Factsheet: Purim

Image credit: Levi Meir Clancy / Unsplash

By Ruby Forrester

Purim is a holiday that commemorates the story of Queen Esther, who saved Jews from persecution during the Persian Period (539-330 BC). Jews from across the world observe this holiday in many ways to celebrate Queen Esther’s triumphs as a wholly joyous occasion.

When is Purim?

Purim is on the 14th day of Adar, the 12th month in the Hebrew calendar. Changes in the solar calendar mean the specific date of Purim changes each year. However, in the Gregorian calendar it always falls between February and March. Celebrations begin at sundown and end 24 hours later. In 2023, Purim is celebrated from the evening of 6 March to sundown on 7 March.

History of Purim

The origins of Purim can be found in the Book of Esther in the Hebrew Bible, a story of success and survival. It tells the story of a young Jewish woman who marries King Ahasuerus and becomes the Queen of Persia. During the Persian Period, Jewish people had many enemies and faced persecution. In her story, Esther hides her Jewish identity to protect herself, but when a court official named Haman convinces the king to authorise a massacre against all Jews, Esther reveals her identity and dissolves the violence against the Jews of the empire. She is thus known as a beloved character in the Jewish faith and provides hope against persecution.

How is Purim Celebrated?

Before Purim begins, there is a fast day which marks the Fast of Esther. She fasted before she approached the King to ask him to save the Jews. 

One of the most important traditions within Purim celebrations is the reading of The Megillah of Esther — the Book of Esther. It is customary that on Purim night, the story of Esther is told in full and when Haman’s name is mentioned Jews should make loud noises to drown him out. Many cheer the name of Mordechai, a hero within the Purim story.

Ritual foods are another crucial part of Purim celebrations and are traditionally prepared and eaten at seudah — large feasts and banquets. One of the most popular dishes at Purim is hamantaschen; a triangular-shaped pastry filled with either poppy seed paste and powidl, or prune jam. The sweet dessert gets its name from the villain in Esther’s story, Haman, and is commonly associated with either Haman’s triangular-shaped hat or his ears. Poppy seeds, nuts, and legumes are key ingredients in many Purim dishes. Some Jews suggest that consuming poppy seeds is a way to celebrate and honour Esther. In addition, the Story of Esther states that she did not have access to kosher foods during her time in the palace and was therefore forced to live on nuts and seeds. Considering this, many Jews now honour Esther by consuming these foods during Purim.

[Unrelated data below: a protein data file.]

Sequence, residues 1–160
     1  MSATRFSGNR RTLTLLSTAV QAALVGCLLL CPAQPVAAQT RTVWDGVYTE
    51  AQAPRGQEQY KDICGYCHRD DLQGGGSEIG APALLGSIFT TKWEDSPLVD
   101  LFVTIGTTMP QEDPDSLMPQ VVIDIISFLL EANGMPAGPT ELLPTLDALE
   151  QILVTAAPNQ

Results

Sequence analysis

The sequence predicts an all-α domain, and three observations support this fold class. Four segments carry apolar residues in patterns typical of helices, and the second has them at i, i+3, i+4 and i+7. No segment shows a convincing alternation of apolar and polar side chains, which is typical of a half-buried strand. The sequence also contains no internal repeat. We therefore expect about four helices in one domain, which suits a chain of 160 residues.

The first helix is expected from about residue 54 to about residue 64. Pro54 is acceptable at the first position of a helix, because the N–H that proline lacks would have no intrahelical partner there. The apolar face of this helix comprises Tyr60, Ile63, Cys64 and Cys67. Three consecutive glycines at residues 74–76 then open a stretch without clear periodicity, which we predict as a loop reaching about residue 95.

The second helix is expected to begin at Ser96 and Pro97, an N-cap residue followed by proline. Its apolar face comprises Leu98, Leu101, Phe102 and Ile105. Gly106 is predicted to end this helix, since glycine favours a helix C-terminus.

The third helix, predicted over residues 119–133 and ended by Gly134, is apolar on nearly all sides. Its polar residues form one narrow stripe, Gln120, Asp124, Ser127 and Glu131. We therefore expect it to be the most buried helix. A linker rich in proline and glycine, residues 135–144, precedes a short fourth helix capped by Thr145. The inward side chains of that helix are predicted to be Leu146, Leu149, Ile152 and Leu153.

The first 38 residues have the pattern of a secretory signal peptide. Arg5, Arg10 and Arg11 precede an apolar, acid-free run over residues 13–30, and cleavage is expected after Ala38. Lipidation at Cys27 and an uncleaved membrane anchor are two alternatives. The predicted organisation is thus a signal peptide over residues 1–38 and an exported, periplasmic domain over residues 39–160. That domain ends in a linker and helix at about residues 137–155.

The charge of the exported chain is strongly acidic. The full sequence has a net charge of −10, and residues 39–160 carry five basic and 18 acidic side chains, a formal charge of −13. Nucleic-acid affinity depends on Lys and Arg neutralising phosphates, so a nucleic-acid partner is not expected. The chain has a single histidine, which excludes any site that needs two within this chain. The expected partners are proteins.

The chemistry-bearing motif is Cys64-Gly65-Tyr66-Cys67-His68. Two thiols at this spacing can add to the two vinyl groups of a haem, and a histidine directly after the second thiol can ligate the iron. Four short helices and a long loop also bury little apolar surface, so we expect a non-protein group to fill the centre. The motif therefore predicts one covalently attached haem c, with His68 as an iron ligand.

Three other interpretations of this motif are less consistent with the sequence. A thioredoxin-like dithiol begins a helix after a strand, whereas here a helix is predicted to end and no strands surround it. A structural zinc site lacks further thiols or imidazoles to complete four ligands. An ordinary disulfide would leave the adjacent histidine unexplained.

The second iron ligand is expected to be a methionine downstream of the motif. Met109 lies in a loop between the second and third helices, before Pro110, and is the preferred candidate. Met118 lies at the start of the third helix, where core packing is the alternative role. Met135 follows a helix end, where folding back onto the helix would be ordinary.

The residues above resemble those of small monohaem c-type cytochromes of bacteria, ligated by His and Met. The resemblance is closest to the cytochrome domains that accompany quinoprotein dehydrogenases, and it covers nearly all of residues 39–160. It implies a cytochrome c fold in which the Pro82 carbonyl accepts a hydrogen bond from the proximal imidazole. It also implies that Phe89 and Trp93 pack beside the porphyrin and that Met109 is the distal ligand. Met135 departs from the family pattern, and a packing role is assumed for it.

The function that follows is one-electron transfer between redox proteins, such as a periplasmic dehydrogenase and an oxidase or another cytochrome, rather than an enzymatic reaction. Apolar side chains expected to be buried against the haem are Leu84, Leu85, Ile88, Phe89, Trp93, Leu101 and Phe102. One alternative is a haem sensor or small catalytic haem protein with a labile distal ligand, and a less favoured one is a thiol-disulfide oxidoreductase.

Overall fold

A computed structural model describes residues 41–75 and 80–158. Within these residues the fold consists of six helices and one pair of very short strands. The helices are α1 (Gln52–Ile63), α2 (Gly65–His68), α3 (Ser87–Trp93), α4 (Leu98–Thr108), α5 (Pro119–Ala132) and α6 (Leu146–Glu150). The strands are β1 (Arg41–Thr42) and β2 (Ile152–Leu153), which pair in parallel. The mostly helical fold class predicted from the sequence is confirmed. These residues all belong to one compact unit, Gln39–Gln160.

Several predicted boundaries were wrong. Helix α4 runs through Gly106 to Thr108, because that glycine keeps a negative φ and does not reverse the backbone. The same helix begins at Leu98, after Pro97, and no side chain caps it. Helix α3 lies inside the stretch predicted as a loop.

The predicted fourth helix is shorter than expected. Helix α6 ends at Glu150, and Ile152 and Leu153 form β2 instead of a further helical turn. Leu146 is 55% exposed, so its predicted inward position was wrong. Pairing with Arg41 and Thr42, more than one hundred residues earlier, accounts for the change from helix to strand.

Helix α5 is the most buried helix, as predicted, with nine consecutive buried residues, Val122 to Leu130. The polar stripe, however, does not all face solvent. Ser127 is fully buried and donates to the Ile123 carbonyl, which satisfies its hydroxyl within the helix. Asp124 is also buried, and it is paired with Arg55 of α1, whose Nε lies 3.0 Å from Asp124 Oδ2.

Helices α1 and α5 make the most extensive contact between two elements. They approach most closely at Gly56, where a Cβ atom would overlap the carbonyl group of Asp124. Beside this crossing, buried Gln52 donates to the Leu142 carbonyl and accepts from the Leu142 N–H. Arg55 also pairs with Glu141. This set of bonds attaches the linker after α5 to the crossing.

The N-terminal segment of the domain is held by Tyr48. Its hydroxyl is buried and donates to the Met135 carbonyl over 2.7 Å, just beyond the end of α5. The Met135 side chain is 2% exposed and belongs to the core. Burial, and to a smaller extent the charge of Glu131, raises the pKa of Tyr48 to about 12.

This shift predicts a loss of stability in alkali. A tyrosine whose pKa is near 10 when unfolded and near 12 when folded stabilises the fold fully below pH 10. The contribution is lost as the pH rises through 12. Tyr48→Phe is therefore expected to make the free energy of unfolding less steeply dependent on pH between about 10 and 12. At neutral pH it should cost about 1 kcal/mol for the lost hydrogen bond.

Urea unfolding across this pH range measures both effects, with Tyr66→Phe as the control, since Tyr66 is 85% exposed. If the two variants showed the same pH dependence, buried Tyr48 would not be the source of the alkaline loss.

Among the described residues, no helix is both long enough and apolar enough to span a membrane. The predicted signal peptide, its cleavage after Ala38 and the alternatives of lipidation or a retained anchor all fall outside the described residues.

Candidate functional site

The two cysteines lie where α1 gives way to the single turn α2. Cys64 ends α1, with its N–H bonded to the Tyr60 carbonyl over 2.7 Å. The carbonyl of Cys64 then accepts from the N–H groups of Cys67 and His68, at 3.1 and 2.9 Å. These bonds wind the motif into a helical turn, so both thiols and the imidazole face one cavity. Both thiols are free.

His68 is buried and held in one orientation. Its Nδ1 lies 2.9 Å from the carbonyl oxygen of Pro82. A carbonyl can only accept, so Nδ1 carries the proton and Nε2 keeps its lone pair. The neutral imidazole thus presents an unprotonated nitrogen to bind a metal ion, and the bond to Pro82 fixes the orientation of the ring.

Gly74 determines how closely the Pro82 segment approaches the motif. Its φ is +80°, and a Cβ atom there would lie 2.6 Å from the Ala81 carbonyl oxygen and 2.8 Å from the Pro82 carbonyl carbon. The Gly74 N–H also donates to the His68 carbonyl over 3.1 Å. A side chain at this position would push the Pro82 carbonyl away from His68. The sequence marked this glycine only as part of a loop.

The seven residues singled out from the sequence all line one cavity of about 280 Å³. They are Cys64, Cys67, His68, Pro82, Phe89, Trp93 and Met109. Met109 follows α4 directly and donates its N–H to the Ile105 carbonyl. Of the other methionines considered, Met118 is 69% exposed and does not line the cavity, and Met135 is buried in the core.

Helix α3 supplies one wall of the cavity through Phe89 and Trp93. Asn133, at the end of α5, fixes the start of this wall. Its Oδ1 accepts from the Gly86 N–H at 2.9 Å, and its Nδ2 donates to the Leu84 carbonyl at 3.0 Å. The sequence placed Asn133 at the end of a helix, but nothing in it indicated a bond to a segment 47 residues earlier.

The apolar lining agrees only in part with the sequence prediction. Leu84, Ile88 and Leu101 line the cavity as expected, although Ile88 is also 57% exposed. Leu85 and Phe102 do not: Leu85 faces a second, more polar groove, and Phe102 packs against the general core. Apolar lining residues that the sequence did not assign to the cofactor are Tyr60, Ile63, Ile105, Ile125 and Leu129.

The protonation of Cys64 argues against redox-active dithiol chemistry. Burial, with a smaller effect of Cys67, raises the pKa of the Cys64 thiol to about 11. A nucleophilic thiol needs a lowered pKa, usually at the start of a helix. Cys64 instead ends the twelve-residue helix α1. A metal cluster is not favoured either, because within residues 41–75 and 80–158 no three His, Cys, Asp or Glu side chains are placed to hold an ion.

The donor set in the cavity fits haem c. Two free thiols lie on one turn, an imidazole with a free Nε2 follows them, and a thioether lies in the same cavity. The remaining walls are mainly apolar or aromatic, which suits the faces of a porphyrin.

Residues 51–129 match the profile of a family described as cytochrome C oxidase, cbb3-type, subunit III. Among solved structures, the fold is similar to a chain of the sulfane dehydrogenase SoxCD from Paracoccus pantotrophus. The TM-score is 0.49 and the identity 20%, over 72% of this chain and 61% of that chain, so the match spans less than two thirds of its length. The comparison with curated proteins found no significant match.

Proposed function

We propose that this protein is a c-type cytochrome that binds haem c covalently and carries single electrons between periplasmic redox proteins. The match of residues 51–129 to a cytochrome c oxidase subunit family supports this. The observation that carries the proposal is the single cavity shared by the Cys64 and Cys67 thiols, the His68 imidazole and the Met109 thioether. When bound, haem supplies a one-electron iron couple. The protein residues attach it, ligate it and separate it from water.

In chapter nine, verse 19 of The Book of Esther, it states that “sending portion to one another” is encouraged. During Purim, Jews are taught to give back to the people around them, including charities, friends and family. A popular way of honouring this part of Esther’s story is through the sending of mishloach manots, otherwise known as Purim baskets.  These are gift baskets filled with food and drink that are given to family and friends on Purim day.

Separately, Jews must give Matanot L’evyonim, charity to the poor on Purim. It is a positive Rabbinic law that people should give gifts to two poor people on Purim.

A popular tradition includes dressing up in various costumes to celebrate how Esther concealed her Jewish identity throughout the first half of her story. This tradition is where Purim gets the nickname “Jewish Halloween”. Many Synagogues encourage children to dress up and engage in plays known as Purim spiels within their local communities. Traditionally, these re-enact the story of Purim.

For many Jews who identify as LGBTQ+, the story of Esther is viewed as a coming-out story. Queen Esther represents how individuals can only hide true parts of themselves temporarily and should always reveal the truth.

Useful links

My Jewish Learning

Introduction to Purim

Queen Esther’s story for children


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